UKHSA boss Jenny Harries argued it was ‘entirely appropriate’ to discharge Covid-infected patients into care homes at start of pandemic – but admits wording of email was ‘awful’ and insists it wasn’t her wish

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Discharging Covid-infected NHS patients into care homes was ‘entirely clinically appropriate’, one of the Government’s most prominent scientific advisers argued during the earliest days of the pandemic. 

Days ahead of the original March 2020 lockdown, Dame Jenny Harries wrote in an email that Brits carrying the virus would need to be sent to care homes if hospitals became overwhelmed. 

Dame Jenny, now head of the UK Health Security Agency, claimed the NHS would determine who still needs to be under its care.

Grilled by the Covid inquiry today, she admitted that her email ‘sounds awful’. But Dame Jenny insisted her advice was only meant to apply if there was an ‘enormous explosion of cases’ and wasn’t ‘an invitation to be discharging Covid patients’.

Thousands of care home residents are feared to have died after a disastrous policy to discharge potentially infectious hospital patients without prior testing.

Professor Dame Jenny Harries (pictured), England's former deputy chief medical officer, wrote in a March 2020 email that Brits carrying the virus would need to be discharged into care homes if hospitals became overwhelmed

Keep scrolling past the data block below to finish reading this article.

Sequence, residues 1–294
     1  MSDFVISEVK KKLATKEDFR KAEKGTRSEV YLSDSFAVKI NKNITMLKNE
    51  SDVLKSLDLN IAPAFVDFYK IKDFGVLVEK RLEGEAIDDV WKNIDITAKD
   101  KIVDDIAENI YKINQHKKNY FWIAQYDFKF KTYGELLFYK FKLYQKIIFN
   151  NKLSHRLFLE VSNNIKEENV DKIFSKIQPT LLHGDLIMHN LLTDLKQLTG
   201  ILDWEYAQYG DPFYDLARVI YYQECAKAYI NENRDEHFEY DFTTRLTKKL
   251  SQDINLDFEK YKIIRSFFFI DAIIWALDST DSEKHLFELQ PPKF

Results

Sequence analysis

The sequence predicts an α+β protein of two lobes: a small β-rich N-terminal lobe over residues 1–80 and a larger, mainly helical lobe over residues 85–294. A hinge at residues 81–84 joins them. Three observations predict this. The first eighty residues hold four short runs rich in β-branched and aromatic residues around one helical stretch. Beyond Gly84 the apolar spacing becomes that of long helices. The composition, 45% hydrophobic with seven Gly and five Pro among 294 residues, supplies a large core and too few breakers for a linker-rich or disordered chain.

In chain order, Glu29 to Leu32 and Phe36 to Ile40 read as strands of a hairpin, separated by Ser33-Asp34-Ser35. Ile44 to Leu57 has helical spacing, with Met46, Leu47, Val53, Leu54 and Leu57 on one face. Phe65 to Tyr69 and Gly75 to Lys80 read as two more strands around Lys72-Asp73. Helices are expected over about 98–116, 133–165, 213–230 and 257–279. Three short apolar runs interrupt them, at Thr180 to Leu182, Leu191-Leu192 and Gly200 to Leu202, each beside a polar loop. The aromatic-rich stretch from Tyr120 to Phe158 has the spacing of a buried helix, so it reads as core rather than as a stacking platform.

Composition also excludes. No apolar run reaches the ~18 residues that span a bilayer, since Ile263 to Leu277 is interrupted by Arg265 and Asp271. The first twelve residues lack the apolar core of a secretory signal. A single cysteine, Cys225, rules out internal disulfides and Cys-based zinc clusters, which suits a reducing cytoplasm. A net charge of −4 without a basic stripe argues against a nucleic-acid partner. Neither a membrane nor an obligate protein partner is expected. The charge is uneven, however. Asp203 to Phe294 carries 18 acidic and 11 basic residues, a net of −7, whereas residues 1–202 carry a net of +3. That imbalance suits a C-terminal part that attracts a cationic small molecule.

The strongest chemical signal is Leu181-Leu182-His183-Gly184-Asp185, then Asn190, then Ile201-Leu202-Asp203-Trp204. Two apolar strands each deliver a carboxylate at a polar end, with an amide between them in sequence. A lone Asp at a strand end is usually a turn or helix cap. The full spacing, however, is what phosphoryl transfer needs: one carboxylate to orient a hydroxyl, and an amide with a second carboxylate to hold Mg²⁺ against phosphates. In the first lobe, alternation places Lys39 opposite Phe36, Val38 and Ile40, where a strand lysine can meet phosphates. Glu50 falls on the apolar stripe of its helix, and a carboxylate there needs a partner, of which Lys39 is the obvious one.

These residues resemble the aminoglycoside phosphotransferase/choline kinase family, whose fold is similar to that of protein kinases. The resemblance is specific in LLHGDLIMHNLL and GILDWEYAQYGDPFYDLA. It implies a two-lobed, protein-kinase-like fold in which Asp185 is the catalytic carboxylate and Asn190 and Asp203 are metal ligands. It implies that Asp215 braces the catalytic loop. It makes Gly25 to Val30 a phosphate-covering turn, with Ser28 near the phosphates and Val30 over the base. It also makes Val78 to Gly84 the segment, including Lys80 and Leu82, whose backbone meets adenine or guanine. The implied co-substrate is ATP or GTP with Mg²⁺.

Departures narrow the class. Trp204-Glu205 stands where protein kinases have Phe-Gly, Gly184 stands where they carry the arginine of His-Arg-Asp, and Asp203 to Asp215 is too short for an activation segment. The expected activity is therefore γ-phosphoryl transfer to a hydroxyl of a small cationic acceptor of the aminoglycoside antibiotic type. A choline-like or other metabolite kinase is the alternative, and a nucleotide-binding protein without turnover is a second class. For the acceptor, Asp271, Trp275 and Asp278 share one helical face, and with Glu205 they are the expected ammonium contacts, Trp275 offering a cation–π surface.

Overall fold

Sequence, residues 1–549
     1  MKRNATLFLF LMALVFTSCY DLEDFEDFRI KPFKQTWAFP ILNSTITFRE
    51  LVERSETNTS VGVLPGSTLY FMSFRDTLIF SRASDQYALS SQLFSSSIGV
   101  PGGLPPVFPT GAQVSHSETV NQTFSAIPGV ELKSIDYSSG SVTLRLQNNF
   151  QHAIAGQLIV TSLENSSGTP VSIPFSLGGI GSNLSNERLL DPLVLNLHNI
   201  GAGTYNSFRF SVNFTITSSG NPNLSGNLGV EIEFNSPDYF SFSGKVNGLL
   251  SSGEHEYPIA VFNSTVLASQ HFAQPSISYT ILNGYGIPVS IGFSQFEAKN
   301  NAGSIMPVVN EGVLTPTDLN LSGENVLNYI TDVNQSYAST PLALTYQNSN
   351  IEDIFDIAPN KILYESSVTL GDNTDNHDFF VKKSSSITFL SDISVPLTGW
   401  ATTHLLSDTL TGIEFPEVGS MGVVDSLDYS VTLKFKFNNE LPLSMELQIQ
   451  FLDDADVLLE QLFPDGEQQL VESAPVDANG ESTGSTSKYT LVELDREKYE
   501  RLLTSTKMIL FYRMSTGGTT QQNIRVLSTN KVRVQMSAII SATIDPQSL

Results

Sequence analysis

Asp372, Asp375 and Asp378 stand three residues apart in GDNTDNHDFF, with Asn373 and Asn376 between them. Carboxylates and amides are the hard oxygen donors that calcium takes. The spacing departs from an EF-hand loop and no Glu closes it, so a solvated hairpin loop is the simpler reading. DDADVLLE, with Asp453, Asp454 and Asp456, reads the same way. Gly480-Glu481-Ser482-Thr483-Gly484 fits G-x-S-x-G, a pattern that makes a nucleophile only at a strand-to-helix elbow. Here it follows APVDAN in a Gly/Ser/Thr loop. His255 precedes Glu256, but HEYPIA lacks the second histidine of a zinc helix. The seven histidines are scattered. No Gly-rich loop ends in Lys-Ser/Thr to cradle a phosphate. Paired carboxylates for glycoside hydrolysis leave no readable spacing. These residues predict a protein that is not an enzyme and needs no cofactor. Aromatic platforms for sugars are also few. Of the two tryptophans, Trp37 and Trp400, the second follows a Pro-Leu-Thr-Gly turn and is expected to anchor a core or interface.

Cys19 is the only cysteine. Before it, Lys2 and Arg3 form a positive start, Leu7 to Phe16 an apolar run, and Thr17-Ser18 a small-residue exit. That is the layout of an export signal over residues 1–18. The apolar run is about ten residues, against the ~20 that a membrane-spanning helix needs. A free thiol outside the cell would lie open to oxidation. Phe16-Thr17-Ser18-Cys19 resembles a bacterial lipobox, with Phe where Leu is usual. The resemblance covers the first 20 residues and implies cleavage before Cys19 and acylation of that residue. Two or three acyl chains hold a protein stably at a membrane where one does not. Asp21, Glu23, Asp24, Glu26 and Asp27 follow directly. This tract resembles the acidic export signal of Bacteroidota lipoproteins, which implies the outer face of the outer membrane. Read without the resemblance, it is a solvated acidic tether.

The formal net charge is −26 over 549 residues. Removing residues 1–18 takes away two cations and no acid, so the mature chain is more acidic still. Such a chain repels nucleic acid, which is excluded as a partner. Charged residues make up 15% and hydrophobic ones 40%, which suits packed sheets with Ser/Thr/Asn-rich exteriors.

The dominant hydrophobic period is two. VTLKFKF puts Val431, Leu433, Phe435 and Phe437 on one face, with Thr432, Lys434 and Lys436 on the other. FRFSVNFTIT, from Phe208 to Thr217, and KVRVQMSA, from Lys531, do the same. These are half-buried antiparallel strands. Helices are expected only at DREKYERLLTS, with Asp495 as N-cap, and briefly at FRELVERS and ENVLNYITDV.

Professor Dame Jenny Harries (pictured), England’s former deputy chief medical officer, wrote in a March 2020 email that Brits carrying the virus would need to be discharged into care homes if hospitals became overwhelmed

Dame Jenny told the inquiry that she sent an email on March 16, 2020, which described the 'bleak picture' and 'top line awful prospect' of what needed to happen if hospitals overflowed

Dame Jenny told the inquiry that she sent an email on March 16, 2020, which described the ‘bleak picture’ and ‘top line awful prospect’ of what needed to happen if hospitals overflowed

Dame Jenny told the inquiry that she sent an email on March 16, 2020, which described the ‘bleak picture’ and ‘top line awful prospect’ of what needed to happen if hospitals overflowed.

Her email exchange with Rosamond Roughton, an official at the Department of Health, was shown to the inquiry.

Ms Roughton had asked what the approach should be around discharging symptomatic people to care homes, adding: ‘My working assumption was that we would have to allow discharge to happen, and have very strict infection control? Otherwise the NHS presumably gets clogged up with people who aren’t acutely ill.’

Ms Roughton added that this was a ‘big ethical issue’ for care home providers who were ‘understandably very concerned’ and who were ‘already getting questions from family members’.

In response, Dame Jenny emailed: ‘Whilst the prospect is perhaps what none of us would wish to plan for, I believe the reality will be that we will need to discharge Covid-19 positive patients into residential care settings for the reason you have noted.

‘This will be entirely clinically appropriate because the NHS will triage those to retain in acute settings who can benefit from that sector’s care.

‘The numbers of people with disease will rise sharply within a fairly short timeframe and I suspect make this fairly normal practice and more acceptable, but I do recognise that families and care homes will not welcome this in the initial phase.’